Ryan Poles

Ryan Poles ‘pissed off' about being roped into Bears' tortured quarterback history

The Bears' general manager is tired of being roped into previous regimes

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It's a well-known fact that the Bears' quarterback history is unlike any other franchise, in that it's perennially horrible, which is a telling sign of one of the NFL's oldest franchises.

Never have they ever had a true, franchise quarterback to lead their team. They've been on the search for 100+ years, and it's still ongoing today.

Some critics use that as evidence against the Bears to say they can't develop quarterbacks. For example, former NFL quarterback now ESPN analyst, Robert Griffin III, said USC's Caleb Williams should tell the Bears he won't accept being drafted by them with the No. 1 pick because of their poor résumé in developing quarterbacks.

It's a troublesome claim to be attached to, says general manager Ryan Poles on Tuesday's edition of "The Pat McAfee Show."

"It pisses me off a little bit, to be honest with you," Poles said of being attached to the Bears' quarterback history. "We were hired to break a cycle. The same thing when we were in Kansas City. Coach [Andy] Reid, all of us were brought there to break a cycle. And we did. And no one talks about those days anymore it's all about what they are right now.

"I really believe we're about to break this cycle and get this city in a really good situation and win a lot of games. The past is the past. I don't worry about that at all. It's about where we're going."

Do the Bears have perennial struggles with finding and developing quarterbacks? Absolutely. Just look at recent history. They traded up and drafted Justin Fields, who they just traded to the Steelers. Before then, they traded up in the draft and took Mitch Trubisky, who they allowed to walk away in free agency.

Does that mean Ryan Poles has perennial struggles in finding and developing quarterbacks? No, at least not struggles similar to the Bears'. When he worked for the Chiefs, Poles helped find and draft Patrick Mahomes, who is inarugably one of the best modern-era quarterbacks.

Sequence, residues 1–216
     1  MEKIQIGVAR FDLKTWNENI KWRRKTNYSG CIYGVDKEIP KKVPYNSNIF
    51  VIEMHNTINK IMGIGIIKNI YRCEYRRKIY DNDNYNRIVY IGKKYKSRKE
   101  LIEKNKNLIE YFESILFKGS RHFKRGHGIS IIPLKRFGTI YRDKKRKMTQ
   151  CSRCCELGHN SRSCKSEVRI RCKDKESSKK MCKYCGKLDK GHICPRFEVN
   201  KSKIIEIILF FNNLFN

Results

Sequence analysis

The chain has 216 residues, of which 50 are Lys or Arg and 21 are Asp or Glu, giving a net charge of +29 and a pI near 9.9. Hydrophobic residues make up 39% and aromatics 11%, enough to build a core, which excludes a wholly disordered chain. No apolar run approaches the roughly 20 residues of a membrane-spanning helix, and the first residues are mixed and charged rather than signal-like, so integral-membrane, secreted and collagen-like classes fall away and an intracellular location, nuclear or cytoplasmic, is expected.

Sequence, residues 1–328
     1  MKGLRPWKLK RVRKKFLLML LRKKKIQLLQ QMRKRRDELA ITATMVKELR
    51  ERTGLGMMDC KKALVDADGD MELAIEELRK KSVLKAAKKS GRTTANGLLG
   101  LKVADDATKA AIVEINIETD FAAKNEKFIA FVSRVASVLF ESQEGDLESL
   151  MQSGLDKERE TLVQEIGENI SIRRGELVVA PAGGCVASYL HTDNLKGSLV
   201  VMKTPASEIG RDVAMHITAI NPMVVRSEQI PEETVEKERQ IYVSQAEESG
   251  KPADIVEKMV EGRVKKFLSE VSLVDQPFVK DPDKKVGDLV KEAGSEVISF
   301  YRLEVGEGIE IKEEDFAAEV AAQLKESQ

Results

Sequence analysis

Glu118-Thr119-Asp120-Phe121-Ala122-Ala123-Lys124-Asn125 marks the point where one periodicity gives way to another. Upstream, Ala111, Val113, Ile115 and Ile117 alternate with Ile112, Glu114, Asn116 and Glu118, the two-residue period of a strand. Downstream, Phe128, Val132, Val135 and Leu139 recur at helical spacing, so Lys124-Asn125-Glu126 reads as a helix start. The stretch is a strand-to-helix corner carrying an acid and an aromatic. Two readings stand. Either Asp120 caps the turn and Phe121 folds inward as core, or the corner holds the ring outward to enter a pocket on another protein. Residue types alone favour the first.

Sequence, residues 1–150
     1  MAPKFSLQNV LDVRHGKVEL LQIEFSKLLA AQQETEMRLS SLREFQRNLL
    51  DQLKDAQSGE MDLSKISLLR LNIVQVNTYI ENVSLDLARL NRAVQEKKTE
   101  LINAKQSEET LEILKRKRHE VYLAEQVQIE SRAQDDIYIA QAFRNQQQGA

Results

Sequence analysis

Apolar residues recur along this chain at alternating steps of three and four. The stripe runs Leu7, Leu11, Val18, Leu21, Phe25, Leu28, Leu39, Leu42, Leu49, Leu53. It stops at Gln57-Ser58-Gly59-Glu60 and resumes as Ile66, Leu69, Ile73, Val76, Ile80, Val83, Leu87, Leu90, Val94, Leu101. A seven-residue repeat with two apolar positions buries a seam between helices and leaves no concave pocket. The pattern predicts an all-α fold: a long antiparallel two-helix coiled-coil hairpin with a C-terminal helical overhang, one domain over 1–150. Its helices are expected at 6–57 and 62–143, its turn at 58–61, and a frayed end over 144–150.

Poles doesn't inherit the quarterback flops that the Bears have encountered. That's their history, not Poles'. He's on his journey to try and find the next quarterback for the Chicago Bears. Unfortunately, the Bears' narrative will co-exist alongside him until their quarterbacks' curse ceases.

"It happens every year. I think that's the hardest part of being a general manager or a leader of any space," Poles said. "You're doing the homework. You're getting the correct information. You have a group of really good scouts who are giving that to you. If that goes against the narrative, you got to stand up against that."

Williams will undoubtedly be the first Poes-stamped quarterback to try and end the Bears' vicious cycle.

The Bears have checked off nearly all the boxes in evaluating him. They've watched countless hours of film, talked to him at the NFL Scouting Combine, attended his pro day and met with him for dinner.

And while Williams doesn't necessarily meet the correct narrative that some Bears fans believe is best for the team, Poles is doing the homework necessary to make sure he fits with his vision. And so far, Williams hasn't missed a step in Poles' mind.

"What makes it interesting is he's probably the biggest NIL player to come through the process," Poles said. "You kind of have to break that down because, usually, that's not the case. You want to know, does he have humility? Can he self-assess and take ownership of what he needs to continue to work on and improve? And he's checked all of those boxes so far."

Williams is undoubtedly the best quarterback coming out of the 2024 NFL draft. He's a Heisman Trophy winner and a well-rounded, unique quarterback. He's praised for his tools, specifically his off-script playmaking, arm angles and off-platform throws.

The Bears fell into a unique situation of owning back-to-back No. 1 picks in the 2023 and 2024 NFL drafts. Poles is trying to make the best of it. Last season, they traded the first pick to the Panthers for a haul that included this offseason's No. 1 pick.

But it's clear to everyone around the league that the Bears won't be trading the first pick this season. In terms of that information hurting that pick's value, Poles couldn't care less.

"When you have pretty good clarity, it really doesn't make a difference."

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